Disaster Recovery, High Availability, Recovery, SQL Server

SQL Server Database Corruption – Basic Guidelines for Successful Recovery

An SQL Server corruption event can be a uniquely stressful problem for support staff. Unfortunately it frequently entails an extremely high pressure problem falling to a support engineer who is not specifically experienced in SQL Server but who is expected to perform a potentially quite sophisticated recovery with little or no notice.

This unhappy combination can lead to very negative outcomes for customers. It is very common for even an experienced SQL Server DBA acting under pressure to make the problem substantially worse than it needed to be. This usually occurs because in the absence of prior experience we will usually default to our inbuilt support instincts. Usually our support instincts serve us very well, but as we will see in the case of corruption, blindly acting on instinct will often lead to significant data loss or downtime.

This quick guide is aimed at providing some very rapid guidance on what to do and more importantly what not to do in a corruption scenario. It’s a work in progress and simply represents the items I immediately think of when a corruption occurs. Feel free to post your suggestions for additional items.

A quick note on the applicability of this advice:

  1. It assumes that you are not an expert in SQL Server. You may be considered an “accidental” DBA or someone who has been drafted in to assist simply because you have more knowledge than the next guy/gal. Each guideline below has exceptions but you really need to be quite knowledgeable in SQL Server recovery to know when it’s appropriate to deviate from the general advice below.
  2. It assumes the data in question is valuable. If you are dealing with a database where uptime is more important than minimising data loss, then consider going straight to backups now. Each customer has different needs so you need to know what’s important to them before acting.

The Guidelines – Checklist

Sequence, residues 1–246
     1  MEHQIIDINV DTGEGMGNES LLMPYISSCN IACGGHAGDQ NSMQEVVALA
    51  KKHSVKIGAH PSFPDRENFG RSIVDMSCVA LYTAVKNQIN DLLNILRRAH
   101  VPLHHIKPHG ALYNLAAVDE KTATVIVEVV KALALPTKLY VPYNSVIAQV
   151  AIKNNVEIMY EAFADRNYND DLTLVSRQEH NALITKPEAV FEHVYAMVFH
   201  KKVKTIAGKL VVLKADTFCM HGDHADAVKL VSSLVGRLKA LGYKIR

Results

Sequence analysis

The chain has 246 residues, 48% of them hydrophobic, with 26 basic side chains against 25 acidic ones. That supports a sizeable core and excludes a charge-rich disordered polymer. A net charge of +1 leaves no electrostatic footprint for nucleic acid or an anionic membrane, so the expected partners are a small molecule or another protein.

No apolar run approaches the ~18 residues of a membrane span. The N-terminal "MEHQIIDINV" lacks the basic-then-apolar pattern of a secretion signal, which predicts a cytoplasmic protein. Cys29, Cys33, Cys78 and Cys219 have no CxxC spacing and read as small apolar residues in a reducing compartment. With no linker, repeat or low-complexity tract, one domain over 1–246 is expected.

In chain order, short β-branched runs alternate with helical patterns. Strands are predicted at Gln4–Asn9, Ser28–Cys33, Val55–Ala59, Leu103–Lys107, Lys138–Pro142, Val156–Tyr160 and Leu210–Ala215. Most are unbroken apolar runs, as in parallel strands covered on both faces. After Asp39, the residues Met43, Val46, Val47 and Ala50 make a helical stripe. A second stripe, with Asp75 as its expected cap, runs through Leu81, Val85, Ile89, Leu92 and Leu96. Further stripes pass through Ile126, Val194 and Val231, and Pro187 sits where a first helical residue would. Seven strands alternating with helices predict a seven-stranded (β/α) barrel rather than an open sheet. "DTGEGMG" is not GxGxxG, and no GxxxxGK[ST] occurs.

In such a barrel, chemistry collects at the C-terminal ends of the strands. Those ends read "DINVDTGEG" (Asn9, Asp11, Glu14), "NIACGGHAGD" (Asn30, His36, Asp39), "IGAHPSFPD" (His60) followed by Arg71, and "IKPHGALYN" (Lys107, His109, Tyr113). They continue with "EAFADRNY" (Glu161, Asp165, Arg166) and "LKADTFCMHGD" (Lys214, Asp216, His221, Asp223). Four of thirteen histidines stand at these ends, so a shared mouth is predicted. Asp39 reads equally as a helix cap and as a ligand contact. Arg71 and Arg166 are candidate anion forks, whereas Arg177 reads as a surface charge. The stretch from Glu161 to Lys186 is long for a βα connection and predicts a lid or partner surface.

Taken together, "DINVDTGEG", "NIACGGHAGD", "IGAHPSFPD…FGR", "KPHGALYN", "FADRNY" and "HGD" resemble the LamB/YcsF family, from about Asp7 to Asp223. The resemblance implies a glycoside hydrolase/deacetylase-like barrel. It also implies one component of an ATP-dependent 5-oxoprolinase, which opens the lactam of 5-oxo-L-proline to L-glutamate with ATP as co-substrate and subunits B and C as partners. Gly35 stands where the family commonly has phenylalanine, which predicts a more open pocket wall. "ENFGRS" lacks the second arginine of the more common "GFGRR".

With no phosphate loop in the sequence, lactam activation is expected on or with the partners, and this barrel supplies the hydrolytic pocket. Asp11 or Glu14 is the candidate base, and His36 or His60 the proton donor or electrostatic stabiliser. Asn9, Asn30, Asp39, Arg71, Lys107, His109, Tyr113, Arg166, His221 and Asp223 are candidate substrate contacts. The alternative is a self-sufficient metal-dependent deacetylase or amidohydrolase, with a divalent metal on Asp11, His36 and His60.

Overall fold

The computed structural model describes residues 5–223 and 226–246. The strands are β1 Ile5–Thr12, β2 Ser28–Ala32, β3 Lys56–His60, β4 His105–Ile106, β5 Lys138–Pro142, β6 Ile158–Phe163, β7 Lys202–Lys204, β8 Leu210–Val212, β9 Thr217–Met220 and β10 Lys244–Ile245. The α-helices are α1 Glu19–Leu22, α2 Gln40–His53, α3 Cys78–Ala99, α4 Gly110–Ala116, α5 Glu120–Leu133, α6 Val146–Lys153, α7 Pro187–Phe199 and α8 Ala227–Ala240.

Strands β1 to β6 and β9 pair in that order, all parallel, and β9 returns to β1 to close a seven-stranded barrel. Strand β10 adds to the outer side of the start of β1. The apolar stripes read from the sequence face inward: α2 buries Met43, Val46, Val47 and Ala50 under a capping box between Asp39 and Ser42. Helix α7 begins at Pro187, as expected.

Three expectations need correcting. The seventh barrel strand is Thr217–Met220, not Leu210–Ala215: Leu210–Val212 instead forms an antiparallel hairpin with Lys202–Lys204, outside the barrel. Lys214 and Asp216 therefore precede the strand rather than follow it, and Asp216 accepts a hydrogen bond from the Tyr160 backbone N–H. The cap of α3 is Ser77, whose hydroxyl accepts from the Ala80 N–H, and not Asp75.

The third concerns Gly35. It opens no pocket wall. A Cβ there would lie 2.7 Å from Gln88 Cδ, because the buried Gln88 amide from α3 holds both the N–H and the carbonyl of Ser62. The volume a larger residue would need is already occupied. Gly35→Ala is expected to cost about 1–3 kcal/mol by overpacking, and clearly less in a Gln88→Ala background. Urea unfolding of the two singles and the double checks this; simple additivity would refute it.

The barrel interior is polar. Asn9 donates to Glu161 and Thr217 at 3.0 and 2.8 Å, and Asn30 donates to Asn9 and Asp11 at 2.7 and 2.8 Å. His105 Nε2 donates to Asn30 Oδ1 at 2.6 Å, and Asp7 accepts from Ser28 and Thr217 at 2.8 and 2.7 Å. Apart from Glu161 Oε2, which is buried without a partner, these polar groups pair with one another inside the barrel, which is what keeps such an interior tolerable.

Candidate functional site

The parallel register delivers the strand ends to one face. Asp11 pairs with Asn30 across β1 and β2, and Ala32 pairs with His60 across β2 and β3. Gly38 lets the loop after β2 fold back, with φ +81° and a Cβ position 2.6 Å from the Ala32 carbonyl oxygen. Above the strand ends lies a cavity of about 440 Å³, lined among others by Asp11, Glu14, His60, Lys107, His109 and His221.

The DON’Ts

What not to do is substantially more important that what you should do. If you remember nothing else from this document, remember the following DON’T’s. Full explanations are provided later.

  • DON’T panic – your system may well still be online
  • DON’T just wade in – you will make things worse
  • DON’T restart the server – it won’t help and will likely make things worse
  • DON’T detach the database – again, it will likely make things worse
  • DON’T delete or rebuild the transaction log

The Dos

Now the Do’s. These are almost always sensible steps and in a time critical situation should be done in parallel as far as is practical. Draft in help if you need to as it could considerably shorten your overall recovery time.

  • DO start a DBCC CHECKDB with ALL_ERRORMSGS and NO_INFOMSGS immediately
  • DO get Microsoft Support involved immediately
  • DO isolate and prepare the last known good backups immediately

The Guidelines – Detailed explanations

The Don’ts of database corruption

DON’T panic – your system may still be online


In probably about 80% of database corruption scenarios I’ve been involved in, we were actually only aware of the corruption due to nightly corruption checks. If we hadn’t been running those checks we probably could have gone months without noticing the corruption from the end user perspective.

The fact is, many databases these days are big and the vast majority of the information is not touched on a daily basis. You could have a 400GB database with 64KB of corruption and it not matter a jot if its in an area of the database that doesn’t routinely get access.

The point is – just because your db is corrupt, does not mean you are dead in the water. If your systems are still up, take your time and plan the best course of action.

DON’T just wade in

Why? When a corruption event occurs, particularly in a mission critical database your first instinct is going to be to act. You can be under a lot of pressure to do something, anything that will get the customer back online. You need to ignore this pressure and your instincts because if you don’t you could make the situation worse.

Formulate a plan. The plan may be as simple as getting on the phone to Microsoft or getting in touch with a colleague that has SQL Server experience. But don’t just start acting without knowing what you’re doing, otherwise you’ll end up doing some variation of one of the DON’Ts listed below

DON’T restart the server